LaunchBio, Inc., a national nonprofit dedicated to connecting entrepreneurs with knowledge, capital and talent across the nation’s leading life science hubs, today announced “Larger Than Life Science”, a monthly event open to everyone interested in building a strong support network for North Carolina’s life science and healthcare innovators. The event will be held in the atrium level of the newly renovated Chesterfield Building in downtown Durham, NC, from 4-7 p.m. the first Thursday of each month, starting January 4, 2018.
Larger Than Life Science will offer multiple featured programs during each gathering, so participants can choose from a selection of practical workshops, industry partnering sessions, networking, meetings with investors, panel discussions, office hours, and some fun activities. The monthly programs will draw on LaunchBio’s network of national resources, as well as partnerships with local entrepreneurial support organizations. Larger Than Life Science will serve up refreshments from local breweries, and introduce companies and organizations that are contributing to make our community a great place to live and work.
If you have yet to visit the newly renovated Chesterfield building, you do not want to miss out on this opportunity to see the space, while networking with the entrepreneurs, investors, researchers, techies, pharma partners, executives in transition, service providers, and support organizations that make up our life science community. This new space is sure to become a hub for research and development within the local ecosystem.
MEDIC is excited to be a partner partner in this endeavor with LaunchBio along with the North Carolina Biotechnology Center, NC Biosciences (NCBIO), Digital Health Impact + Transformation (DHIT), and the American Underground. We would like to thank Hutchison PLLC; Michael Best; and CSC Leasing, Inc. for sponsoring this series.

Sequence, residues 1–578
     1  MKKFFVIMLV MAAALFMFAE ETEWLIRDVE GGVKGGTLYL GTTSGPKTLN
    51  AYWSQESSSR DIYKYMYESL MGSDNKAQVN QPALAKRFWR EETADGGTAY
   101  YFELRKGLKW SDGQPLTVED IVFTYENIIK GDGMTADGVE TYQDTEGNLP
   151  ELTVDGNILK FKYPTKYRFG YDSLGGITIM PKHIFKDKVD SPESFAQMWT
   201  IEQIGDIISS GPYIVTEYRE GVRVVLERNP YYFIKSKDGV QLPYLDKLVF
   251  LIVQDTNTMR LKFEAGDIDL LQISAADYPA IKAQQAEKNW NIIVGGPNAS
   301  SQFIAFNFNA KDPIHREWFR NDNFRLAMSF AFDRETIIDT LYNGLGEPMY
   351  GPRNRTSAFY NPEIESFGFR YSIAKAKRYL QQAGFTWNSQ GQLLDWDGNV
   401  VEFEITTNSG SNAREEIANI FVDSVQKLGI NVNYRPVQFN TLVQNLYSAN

Over the past 6 years, Augment Medical has been working to help disabled patients activate the nurse call system. For many people with disabilities, it is difficult to push the big red button on the remote control in a standard hospital room. PatientLink was designed as an easy way for anyone to get help when they most need it in the hospital or nursing faculty room. Imagine you have just been in a car accident, or are dealing with the loss of motor function due to ALS, or you have had a stroke. Pressing a button is not as easy as it once was. Patients in these situations feel alone and scared.
A team of 5 students (Daniel Bieber, Richard Daniels, Wenbo Zhang, Astor Liu and Tim Martin) and and a great professor (Andrew DiMeo), from NC State developed a patented solution using a sensor that detects the muscle movements in your forehead to turn on the nurse call system. If the patient wants to call the nurse into their room, all it takes is a raise of the eyebrow. The prototype works great and uses technology similar to what is inside a Fitbit or Apple Watch. The only hangup to this story is the lack of a huge market for nurse call devices in hospitals. Patients are in need but because there are relatively few compared to the overall hospital population, PatientLink was destined to be a niche device that faced a difficult path to market.
The team from Augment Medical worked with a group of therapists and nurses at WakeMed to develop the product based on the needs of the patients they cared for everyday in the intensive care unit. PatientLink has gone through 4 versions that started based on the Arduino hobby platform and is now a professionally designed and developed custom circuit board that can connect to everything from an iPhone to a smart home. Augment Medical, a spinout from the Joint Department of Biomedical Engineering department of NCSU and UNC-CH, was created to produce a product to solve that problem. Through Augment, the founders attended business training, networking, pitch competitions, conferences, and funding meetings that were available to them. In the end, the best application of the technology developed may not be the hospital room but the home environments patients with disabilities will live in once they leave the intensive care unit. This is where MEDIC comes into the picture.